Florida May Use Common Core Tests Despite Executive Order
Florida may still use national Common Core tests even though Gov. Rick Scott signed an executive order on Sept. 23 limiting the state’s involvement with them. Scott raised concerns about Florida’s use of tests from the Partnership for Assessment of Readiness for College and Careers (PARCC), one of two national, federally funded Common Core testing organizations.
While Florida has stopped managing PARCC’s finances and membership, it has not yet withdrawn from the organization, and new Education Commissioner Pam Stewart recently told Florida superintendents in an email that the test is still in the running “while we conduct a competitive procurement.”
PARCC tests, “as designed today, do not meet the needs of our students or the expectations of state leaders,” Scott wrote, citing the federal government’s “intrusion” into and coercion of what he views as a state and local issue. Common Core is a set of education goals in math and English for K-12, called standards. Federally funded nonprofits wrote it, and the Obama administration has required states to adopt the goals and their future tests to receive federal funds and favors.
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“Florida taking a few steps backwards is significant and it suggests how bumpy things have gotten for Common Core advocates,” said Rick Hess, education director at the American Enterprise Institute. Florida’s decision is significant “because it has long been at the forefront of accountability [and] has been one of the key states in the PARCC consortium,” he said.
Because of its key position within PARCC and leadership of Republican education policies, Florida’s decision will make some waves, Hess said. Florida adopted Common Core in 2010, and many state lawmakers saw it as an extension of “standards plus choice” policies that began with former Gov. Jeb Bush and continued under former House Speaker Marco Rubio. Bush has vigorously defended the standards, while Rubio, now a U.S. Senator, has spoken against them.
“As the controversy surrounding [Common Core] has grown, there has been a movement within the state to step back and take a longer, second look,” said Bill Mattox, a resident fellow at the James Madison Institute.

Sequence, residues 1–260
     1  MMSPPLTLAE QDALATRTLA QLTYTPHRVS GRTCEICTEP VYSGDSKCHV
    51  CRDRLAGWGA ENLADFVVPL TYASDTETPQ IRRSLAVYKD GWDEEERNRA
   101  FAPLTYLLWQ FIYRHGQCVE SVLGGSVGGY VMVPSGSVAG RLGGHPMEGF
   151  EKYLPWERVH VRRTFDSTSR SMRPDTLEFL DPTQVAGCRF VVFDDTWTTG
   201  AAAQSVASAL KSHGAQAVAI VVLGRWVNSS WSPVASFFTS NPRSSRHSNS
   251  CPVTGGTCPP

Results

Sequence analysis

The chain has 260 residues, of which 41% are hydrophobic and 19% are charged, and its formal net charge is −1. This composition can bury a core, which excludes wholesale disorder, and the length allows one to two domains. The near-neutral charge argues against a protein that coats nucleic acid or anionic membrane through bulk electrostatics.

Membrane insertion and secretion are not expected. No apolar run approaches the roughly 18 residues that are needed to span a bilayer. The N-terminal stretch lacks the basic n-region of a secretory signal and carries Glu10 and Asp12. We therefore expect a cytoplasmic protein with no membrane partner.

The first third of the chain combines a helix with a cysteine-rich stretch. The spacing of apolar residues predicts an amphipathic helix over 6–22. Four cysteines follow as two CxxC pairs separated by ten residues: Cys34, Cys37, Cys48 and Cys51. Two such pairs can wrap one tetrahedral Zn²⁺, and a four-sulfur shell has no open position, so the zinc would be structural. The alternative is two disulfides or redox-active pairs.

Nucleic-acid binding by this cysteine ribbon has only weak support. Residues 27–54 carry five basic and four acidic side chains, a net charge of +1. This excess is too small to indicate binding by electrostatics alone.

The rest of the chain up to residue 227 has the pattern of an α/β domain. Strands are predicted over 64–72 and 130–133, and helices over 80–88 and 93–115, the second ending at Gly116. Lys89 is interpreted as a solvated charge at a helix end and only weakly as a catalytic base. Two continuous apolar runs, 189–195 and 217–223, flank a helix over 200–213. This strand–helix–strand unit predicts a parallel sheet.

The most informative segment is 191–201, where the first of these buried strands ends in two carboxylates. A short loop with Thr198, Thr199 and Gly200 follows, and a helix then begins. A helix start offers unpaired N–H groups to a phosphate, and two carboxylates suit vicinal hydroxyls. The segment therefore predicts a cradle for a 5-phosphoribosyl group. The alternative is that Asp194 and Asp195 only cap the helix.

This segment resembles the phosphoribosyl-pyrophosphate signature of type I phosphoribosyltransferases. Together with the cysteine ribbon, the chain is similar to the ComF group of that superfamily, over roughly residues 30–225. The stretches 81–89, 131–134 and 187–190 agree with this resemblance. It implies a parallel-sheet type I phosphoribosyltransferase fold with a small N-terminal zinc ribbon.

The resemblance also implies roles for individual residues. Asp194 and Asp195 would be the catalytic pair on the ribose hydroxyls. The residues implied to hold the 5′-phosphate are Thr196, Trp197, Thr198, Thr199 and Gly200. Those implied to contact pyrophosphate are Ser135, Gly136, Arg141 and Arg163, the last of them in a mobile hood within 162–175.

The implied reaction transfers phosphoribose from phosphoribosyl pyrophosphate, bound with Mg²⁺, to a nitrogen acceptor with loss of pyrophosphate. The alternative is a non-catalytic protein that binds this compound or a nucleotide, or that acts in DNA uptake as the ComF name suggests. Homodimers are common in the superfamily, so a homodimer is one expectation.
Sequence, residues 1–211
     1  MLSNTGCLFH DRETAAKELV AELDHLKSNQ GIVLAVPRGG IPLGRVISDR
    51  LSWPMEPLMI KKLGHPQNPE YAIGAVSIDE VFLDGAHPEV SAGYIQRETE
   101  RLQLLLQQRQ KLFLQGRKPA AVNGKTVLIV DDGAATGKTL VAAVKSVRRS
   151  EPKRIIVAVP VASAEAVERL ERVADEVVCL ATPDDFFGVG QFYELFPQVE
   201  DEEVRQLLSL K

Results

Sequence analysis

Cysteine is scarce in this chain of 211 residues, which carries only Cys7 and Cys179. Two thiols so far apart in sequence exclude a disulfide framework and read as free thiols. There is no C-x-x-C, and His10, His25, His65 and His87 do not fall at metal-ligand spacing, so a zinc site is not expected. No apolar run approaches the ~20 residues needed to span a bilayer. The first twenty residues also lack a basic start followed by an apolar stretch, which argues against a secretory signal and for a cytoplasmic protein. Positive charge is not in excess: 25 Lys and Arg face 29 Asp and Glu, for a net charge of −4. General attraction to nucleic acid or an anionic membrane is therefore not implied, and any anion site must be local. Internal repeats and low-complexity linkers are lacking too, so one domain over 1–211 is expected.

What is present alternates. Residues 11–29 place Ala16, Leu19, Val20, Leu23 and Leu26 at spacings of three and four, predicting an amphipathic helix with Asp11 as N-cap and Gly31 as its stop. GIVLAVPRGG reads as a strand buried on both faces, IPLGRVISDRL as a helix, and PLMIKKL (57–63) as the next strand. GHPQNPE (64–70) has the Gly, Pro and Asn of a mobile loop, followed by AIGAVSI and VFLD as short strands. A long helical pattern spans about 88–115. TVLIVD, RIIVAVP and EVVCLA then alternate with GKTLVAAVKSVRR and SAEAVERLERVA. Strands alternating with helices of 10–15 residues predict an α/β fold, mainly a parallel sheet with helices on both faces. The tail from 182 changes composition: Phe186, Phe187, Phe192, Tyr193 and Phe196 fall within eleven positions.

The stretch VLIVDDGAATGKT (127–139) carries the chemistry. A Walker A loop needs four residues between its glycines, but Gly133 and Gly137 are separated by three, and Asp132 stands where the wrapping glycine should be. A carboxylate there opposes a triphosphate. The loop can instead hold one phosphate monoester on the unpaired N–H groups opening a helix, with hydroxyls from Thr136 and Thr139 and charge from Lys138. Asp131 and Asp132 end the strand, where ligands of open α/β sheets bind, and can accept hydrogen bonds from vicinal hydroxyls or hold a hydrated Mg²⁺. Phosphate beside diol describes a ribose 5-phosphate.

Govs. Scott Walker of Wisconsin and Bobby Jindal of Louisiana are other prominent Republican governments to also recently voice concerns about Common Core, similarly citing federal intrusion and costs. Walker said Wisconsin “can do better” than Common Core.
Florida is the latest state to backtrack from PARCC. The testing organization has gone from 24 members to 18 in the past several months.
Scott’s order directs the education commissioner to procure new tests to fit Common Core through an open, competitive bidding process. She must review current student data security policies and recommend legislation to change them, and recommend new policies for teacher evaluations and school accountability systems “to provide stability and clarity to Florida’s students, parents, and teachers.”
His order also provides for the state to hold three public hearings on Common Core and gather public comments.
In July, Florida’s House speaker and Senate president wrote a letter advocating that the state drop the tests, largely for high costs, lost classroom time, and the testing organization’s lack of clear student data privacy policies.
State Rep. Debbie Mayfield (R-Indian River County) has filed legislation that would halt Common Core until Florida publicly reviews the standards and assesses the costs of switching to the system. House Bill 25 would also withdraw the state completely from PARCC.
Florida is currently on schedule to retain the Common Core standards, and find tests to match them. Because of this distinction, not much is likely to change, despite the governor’s order.
“They will say they have made changes and that it is now Florida Standard Assessments. It’s still the Common Core,” said Karen Effrem, cofounder of Florida Stop Common Core Coalition. “The [assessments] really won’t have changed.”
This is because standards provide the template for the tests that measure whether teachers have taught them, Hess said.
“Standards without a test do not mean anything,” he said. “It is not clear that many states are going to formally abandon the Common Core Standards.”
Image by Gage Skidmore.